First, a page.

Lady Snowblood (film)

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Lady Snowblood
Lady Snowblood (film).jpg
Theatrical film poster
Directed by Toshiya Fujita
Produced by Kikumaru Okuda
Written by Norio Nagata[1]
Based on Lady Snowblood 
by Kazuo Uemura and Kazuo Koike
Starring Meiko Kaji
Ko Nishimura
Toshio Kurosawa
Masaaki Daimon
Music by Masaaki Hirao
Cinematography Masaki Tamura
Production
company
Tokyo Eiga[1]
Distributed by Toho
Release dates
  • December 1, 1973 (1973-12-01)
Running time 97 min
Country Japan
Language Japanese

Lady Snowblood (original Japanese title 修羅雪姫, Shurayuki-hime) is a 1973 Japanese film directed by Toshiya Fujita and starring Meiko Kaji.[2] It is based on a manga called Shurayukihime. It is the story of Yuki, a woman who seeks vengeance upon three people who raped her mother and killed her mother's husband and son.

Plot[edit]

The scenes of this film do not appear in chronological order. Each paragraph below represents a passage of the film in the order it appears.

In 1874, a baby is born in a women's prison. Her deathly-ill mother names her Yuki (snow).

A woman blocks the path of several men and a rickshaw, and kills them using a sword concealed in the handle of an umbrella. She tells the last man to die, Shirayama, that her name is "Shura Yuki Hime". She appears in a poor village looking for a man called Matsuemon, the leader of an underground organization, and asks him to find four people for her, having killed Shirayama for him.

In 1873, a teacher (Masaaki Daimon), his wife Sayo (Miyoko Akaza), and their son are attacked by four criminals. A woman named Kitahama Okono (Sanae Nakahara) holds Sayo while the three men, Takemura Banzō (Noboru Nakaya), Shokei Tokuichi (Takeo Chii), and Tsukamoto Gishirō (Eiji Okada) murder the teacher and his son and rape Sayo. Tokuichi secretly takes Sayo far away to work for him. Sayo kills him with a knife and goes to prison.

In the women's prison, after the baby is born, Sayo tells her story. She has seduced any prison guard she can to conceive the child. She tells the other women to raise the child for vengeance, then dies.

In Meiji 15 (1882), the child Yuki (Mayumi Maemura) trains in sword fighting with a priest called Dōkai (Kō Nishimura).

Yuki, now twenty, finds Banzō's daughter Kobue (Yoshiko Nakada). Kobue is a prostitute, and her father is now an alcoholic wreck with gambling debts. At a gambling house, Yuki plays cards with Banzō, who is caught cheating. He is about to be killed. Yuki persuades the owners to pardon him, then leads him to a beach and kills him.

Learning that Tsukamoto Gishirō has died, she visits his grave. She cuts the flowers and then the gravestone. Matsuemon and his friends notice that Gishiro died just when Yuki started trying to find him, three years before.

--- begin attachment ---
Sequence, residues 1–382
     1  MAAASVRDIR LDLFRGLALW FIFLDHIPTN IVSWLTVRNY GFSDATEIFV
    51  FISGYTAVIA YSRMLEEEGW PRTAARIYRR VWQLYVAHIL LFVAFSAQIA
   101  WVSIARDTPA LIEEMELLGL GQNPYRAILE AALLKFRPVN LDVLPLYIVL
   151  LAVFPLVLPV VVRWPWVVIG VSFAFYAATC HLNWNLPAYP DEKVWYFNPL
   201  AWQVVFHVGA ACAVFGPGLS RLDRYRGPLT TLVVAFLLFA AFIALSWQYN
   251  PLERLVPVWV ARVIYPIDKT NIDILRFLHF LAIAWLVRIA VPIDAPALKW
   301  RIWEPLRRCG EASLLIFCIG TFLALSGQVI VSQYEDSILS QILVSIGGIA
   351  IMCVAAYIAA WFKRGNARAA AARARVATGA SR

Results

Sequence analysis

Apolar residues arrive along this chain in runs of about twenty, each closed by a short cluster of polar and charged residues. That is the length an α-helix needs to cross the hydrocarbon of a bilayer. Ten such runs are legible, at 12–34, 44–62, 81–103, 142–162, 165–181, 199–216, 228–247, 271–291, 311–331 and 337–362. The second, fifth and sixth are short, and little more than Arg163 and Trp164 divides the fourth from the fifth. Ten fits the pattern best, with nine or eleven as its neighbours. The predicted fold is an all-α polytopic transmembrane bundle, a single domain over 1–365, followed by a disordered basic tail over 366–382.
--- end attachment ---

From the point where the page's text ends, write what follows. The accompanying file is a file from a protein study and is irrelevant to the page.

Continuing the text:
A man who saw her attack the grave, a reporter named Ryūrei Ashio (Toshio Kurasawa), follows Yuki. He questions her past. Dōkai tells him her story. Ashio writes and sells the story (which, on the screen, is told using frames from the original comic). Dōkai did this to get Kitahama Okono to reveal herself. Okono sends men to kidnap Ashio. They torture him for Yuki's location, but he refuses to tell them. Yuki enters the estate and kills several of Okono's men. She enters the building and is fired upon by Okono. While Yuki fights and kills Okono's men, Okono hangs herself. Yuki slices the corpse in half.

Yuki learns that Gishirō is still alive. She finds him at a masquerade ball and kills him, but the dead man is not really Gishirō. Ashio and Yuki find and follow the real Gishiro. Gishirō shoots Ashio. Wounded, Ashio stops him from shooting Yuki as she swings on a lamp between balconies. Yuki stabs through Ashio into Gishirō's chest. She then cuts Gishirō's throat, but as he dies he shoots her. He falls over a railing and onto the ground floor full of guests.

Yuki, wounded, stumbles outside. Kobue suddenly appears. She stabs Yuki then runs away. Yuki falls on her face. The film ends with Yuki opening her eyes the next morning.

Cast[edit]

Production[edit]

The film was produced on a low budget and filmed with a minimal length of film (20,000 feet). At one point a special effect blood spatter went wrong, covering Meiko Kaji in fake blood.[3]

Sequel, remakes, and homages[edit]

The film spawned one sequel, Lady Snowblood 2: Love Song of Vengeance. A 2001 science fiction remake, The Princess Blade, stars Yumiko Shaku.

It was also a major inspiration for Quentin Tarantino's Kill Bill, which borrows plot, characters, visual motifs and settings. In particular the character O-Ren Ishii is based on Lady Snowblood. The scene in which The Bride fights O-Ren Ishii uses a snowy landscape that echoes scenes in Lady Snowblood. The theme song, "Shura No Hana", sung by Meiko Kaji (translated by Tarantino as "The Flower of Carnage") is also used in Kill Bill, Vol. 1. According to Meiko Kaji, Quentin Tarantino made the staff of Kill Bill watch DVDs of Lady Snowblood during break times.[3]

References[edit]

  1. ^ a b "修羅雪姫". Japanese Cinema Database (in Japanese). Agency for Cultural Affairs. Retrieved 1 February 2013. 
  2. ^ Thompson, Nathaniel (2006). DVD Delirium: The International Guide to Weird and Wonderful Films on DVD; Volume 3. Godalming, England: FAB Press. p. 327. ISBN 1-903254-40-X. 
  3. ^ a b Shinsuke Kasai (interviewer), Meiko Kaji (interviewee) (2012). Nihon Eiga Retorosupekutibu (in Japanese). Nihon Eiga Senmon Channeru. 

External links[edit]